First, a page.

“It also represents a lot of opportunity for using Pinterest for marketing, because you can share and curate content around a wide range of topics and areas — all based on what may appeal to your target audience,” Tiffany states.

 

Who is on Pinterest? What marketing channel should be on it?

Right now, Pinterest is heavily into one particular demographic: women between 25 and 54 who live in the Midwest, recent research  has found. According to ComScore, the platform has more than four million users.

Jess adds that she thinks the platform is the most heavily B2C social medium out there right now.

“I don’t think that means B2B isn’t necessarily going to be involved eventually. I just think that especially consumer packaged goods, B2C products and e-commerce are obviously a huge part of (Pinterest) from a marketing standpoint,” she explains.

 

Actually using Pinterest

From the user standpoint, you create online “pinboards” that are titled. With the current demographic, many pinboards are titled with things such as: recipes, dream outfit, home furnishings, etc.

Users then “pin” items in the form of photos or video to their pinboards, and other users can “repin” those items.

 

Size matters

Given that the entire experience is “pinning” this content, that means from a marketing standpoint you want to make that content easy for Pinterest to handle. For example, if the image on your website is too small, or the wrong file type, Pinterest users cannot “pin” it, but if that same image is on another website in the correct format, it will be pinned back to that URL and not yours.

This is an important distinction for any marketers who hope to benefit from the platform, but especially for e-commerce sites.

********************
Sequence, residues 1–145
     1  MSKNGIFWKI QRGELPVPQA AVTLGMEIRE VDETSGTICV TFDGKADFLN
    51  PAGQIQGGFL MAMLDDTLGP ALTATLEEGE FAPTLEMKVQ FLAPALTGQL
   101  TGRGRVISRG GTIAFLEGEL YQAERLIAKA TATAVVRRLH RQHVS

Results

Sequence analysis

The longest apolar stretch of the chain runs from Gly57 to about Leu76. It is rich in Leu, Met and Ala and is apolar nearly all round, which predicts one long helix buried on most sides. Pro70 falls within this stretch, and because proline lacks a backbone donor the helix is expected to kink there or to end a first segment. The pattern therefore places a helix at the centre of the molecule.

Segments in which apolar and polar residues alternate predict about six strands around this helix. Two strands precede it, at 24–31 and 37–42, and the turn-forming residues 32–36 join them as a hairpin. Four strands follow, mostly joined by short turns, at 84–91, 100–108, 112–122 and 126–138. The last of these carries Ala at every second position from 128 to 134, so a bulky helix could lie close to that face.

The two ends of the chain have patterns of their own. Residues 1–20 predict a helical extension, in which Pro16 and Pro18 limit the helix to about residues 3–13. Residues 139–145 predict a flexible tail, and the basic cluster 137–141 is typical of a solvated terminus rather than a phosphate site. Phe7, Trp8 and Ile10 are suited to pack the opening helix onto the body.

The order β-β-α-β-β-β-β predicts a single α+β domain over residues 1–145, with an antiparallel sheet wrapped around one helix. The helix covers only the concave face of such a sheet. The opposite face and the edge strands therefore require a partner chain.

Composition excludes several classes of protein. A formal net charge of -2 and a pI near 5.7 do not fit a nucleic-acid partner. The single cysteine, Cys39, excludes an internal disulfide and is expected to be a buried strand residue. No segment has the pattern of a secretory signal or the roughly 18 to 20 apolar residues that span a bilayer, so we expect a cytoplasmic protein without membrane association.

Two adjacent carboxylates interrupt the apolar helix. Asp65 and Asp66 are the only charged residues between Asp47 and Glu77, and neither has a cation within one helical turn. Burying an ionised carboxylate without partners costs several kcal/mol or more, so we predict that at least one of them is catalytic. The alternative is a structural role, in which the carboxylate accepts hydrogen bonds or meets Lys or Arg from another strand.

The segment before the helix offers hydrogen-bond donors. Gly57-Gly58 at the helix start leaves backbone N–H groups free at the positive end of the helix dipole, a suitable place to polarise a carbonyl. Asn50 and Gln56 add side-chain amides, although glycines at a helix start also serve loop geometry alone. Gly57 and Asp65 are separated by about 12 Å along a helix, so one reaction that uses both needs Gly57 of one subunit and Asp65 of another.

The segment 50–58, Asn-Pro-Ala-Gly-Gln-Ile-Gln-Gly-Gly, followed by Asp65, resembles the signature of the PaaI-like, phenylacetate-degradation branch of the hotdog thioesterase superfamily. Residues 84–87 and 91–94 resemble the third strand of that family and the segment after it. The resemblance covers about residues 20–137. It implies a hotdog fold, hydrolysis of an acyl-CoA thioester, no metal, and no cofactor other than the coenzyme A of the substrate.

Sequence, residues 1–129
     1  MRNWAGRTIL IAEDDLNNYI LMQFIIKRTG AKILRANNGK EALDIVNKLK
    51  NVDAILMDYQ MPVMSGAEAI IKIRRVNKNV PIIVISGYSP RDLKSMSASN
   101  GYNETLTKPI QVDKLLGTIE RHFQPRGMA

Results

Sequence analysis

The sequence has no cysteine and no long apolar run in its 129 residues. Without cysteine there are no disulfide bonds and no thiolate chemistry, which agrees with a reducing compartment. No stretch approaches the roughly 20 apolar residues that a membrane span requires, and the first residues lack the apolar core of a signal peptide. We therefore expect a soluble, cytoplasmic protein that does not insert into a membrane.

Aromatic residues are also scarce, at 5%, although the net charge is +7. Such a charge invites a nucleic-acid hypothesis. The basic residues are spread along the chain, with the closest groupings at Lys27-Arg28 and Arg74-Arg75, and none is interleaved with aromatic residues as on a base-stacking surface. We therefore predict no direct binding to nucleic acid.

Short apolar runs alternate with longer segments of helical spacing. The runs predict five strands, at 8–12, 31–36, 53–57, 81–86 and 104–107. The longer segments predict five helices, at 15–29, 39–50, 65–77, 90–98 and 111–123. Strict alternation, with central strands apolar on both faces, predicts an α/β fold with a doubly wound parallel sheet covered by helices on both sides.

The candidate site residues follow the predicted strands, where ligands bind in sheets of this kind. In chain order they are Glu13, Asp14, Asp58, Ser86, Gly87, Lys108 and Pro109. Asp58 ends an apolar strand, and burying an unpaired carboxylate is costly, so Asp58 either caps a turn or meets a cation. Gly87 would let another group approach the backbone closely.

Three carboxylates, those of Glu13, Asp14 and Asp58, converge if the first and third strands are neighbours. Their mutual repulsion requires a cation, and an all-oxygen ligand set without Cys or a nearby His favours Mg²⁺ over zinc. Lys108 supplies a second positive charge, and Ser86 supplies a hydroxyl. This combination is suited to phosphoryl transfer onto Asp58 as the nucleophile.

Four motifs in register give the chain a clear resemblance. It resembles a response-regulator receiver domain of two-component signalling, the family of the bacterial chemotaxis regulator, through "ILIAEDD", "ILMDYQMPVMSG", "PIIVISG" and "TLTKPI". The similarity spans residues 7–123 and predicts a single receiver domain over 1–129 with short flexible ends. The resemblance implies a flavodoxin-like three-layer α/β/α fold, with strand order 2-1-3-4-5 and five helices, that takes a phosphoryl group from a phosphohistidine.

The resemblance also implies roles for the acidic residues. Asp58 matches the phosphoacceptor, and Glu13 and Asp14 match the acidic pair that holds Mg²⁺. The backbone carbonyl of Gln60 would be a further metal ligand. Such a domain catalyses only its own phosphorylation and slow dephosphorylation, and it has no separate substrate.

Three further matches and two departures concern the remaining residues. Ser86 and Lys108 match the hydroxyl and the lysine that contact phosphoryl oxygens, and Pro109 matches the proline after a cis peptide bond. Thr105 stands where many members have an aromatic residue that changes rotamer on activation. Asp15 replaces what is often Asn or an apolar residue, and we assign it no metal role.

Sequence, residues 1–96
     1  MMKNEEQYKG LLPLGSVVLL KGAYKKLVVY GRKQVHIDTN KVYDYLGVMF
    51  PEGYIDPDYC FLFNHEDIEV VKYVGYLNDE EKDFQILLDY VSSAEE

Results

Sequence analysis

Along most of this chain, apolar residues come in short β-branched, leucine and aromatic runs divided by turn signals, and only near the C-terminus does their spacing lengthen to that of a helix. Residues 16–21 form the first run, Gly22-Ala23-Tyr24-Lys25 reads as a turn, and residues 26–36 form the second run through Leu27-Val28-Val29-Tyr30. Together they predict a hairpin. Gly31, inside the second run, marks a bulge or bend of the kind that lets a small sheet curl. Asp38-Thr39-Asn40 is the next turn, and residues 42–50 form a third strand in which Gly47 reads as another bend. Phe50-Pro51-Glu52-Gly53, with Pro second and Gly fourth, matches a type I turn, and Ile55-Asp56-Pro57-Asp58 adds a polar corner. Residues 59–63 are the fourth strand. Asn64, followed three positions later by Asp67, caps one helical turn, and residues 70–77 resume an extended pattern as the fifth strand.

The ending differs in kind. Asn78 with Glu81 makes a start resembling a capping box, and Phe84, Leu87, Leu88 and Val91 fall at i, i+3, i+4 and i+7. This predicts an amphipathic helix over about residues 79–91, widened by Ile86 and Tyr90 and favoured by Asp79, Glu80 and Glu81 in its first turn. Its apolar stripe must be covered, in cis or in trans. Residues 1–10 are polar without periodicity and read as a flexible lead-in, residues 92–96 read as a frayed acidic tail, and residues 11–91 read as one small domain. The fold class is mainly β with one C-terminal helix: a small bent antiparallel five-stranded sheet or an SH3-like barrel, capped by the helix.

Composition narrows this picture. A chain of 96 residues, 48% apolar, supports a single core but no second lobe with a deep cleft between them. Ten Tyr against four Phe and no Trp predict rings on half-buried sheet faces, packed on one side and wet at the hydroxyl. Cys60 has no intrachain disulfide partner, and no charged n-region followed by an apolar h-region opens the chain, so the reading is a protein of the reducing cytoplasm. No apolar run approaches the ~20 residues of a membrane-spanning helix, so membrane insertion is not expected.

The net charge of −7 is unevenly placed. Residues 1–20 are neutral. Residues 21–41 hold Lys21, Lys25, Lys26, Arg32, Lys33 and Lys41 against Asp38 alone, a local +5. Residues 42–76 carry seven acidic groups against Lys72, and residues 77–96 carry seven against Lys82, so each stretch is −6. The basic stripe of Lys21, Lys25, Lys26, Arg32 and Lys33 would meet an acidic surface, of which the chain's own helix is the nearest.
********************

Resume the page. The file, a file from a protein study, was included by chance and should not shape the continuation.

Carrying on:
Jess says JPEGs work, and PNGs should work, although there needs to be more testing with file types, and that a typical e-commerce image that is 300 pixels wide is too small to be pinned.

She added images should be more like 600 to 800 pixels wide and 1000 pixels deep.

Tiffany also provided some insight into practices to follow on Pinterest.

“The first thing to consider — is your online content pin-worthy? This could be everything from your website pages to blog posts, infographics, how-tos, tutorials and more. Since Pinterest is an image-based site, it’s more important than ever to make sure that high-quality, appealing images are a part of your online marketing strategy,” she says.

You also don’t have to be actively using Pinterest as a marketer to benefit from the site. But you should make sure your content is optimized for the platform and “pinnable.”

Other suggestions include:

  • Create content specifically for the Pinterest audience, such as step-by-step guides and participating in popular memes
  • Create content types that are popular on the site and post them to your website or blog
  • Make your content easy to pin by installing a “pin it” button on the site
  • Create an account for your business with a username that coordinates with your brand
  • Once you’ve created populated boards, start following users
  • Add the Pinterest social media icon to your blog, website and email signature to promote your social presence and build a fan base